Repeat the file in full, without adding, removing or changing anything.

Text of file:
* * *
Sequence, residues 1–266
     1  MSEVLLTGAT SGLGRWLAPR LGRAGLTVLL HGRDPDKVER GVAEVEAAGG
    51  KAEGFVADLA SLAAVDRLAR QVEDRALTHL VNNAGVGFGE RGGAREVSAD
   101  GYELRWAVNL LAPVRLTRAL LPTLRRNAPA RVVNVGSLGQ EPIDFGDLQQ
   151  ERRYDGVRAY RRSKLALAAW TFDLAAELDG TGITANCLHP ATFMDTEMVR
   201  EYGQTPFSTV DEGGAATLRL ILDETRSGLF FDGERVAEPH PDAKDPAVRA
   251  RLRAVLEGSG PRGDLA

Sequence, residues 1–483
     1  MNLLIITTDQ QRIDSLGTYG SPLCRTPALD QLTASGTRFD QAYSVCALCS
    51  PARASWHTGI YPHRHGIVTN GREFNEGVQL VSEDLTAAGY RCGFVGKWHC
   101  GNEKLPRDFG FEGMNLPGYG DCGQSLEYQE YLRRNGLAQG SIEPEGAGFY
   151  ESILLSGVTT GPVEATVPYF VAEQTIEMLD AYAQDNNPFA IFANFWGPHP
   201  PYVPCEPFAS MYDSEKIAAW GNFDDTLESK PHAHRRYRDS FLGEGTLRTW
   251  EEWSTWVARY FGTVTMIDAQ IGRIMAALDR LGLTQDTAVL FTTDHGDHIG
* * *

Sequence, residues 1–266
     1  MSEVLLTGAT SGLGRWLAPR LGRAGLTVLL HGRDPDKVER GVAEVEAAGG
    51  KAEGFVADLA SLAAVDRLAR QVEDRALTHL VNNAGVGFGE RGGAREVSAD
   101  GYELRWAVNL LAPVRLTRAL LPTLRRNAPA RVVNVGSLGQ EPIDFGDLQQ
   151  ERRYDGVRAY RRSKLALAAW TFDLAAELDG TGITANCLHP ATFMDTEMVR
   201  EYGQTPFSTV DEGGAATLRL ILDETRSGLF FDGERVAEPH PDAKDPAVRA
   251  RLRAVLEGSG PRGDLA

Sequence, residues 1–483
     1  MNLLIITTDQ QRIDSLGTYG SPLCRTPALD QLTASGTRFD QAYSVCALCS
    51  PARASWHTGI YPHRHGIVTN GREFNEGVQL VSEDLTAAGY RCGFVGKWHC
   101  GNEKLPRDFG FEGMNLPGYG DCGQSLEYQE YLRRNGLAQG SIEPEGAGFY
   151  ESILLSGVTT GPVEATVPYF VAEQTIEMLD AYAQDNNPFA IFANFWGPHP
   201  PYVPCEPFAS MYDSEKIAAW GNFDDTLESK PHAHRRYRDS FLGEGTLRTW
   251  EEWSTWVARY FGTVTMIDAQ IGRIMAALDR LGLTQDTAVL FTTDHGDHIG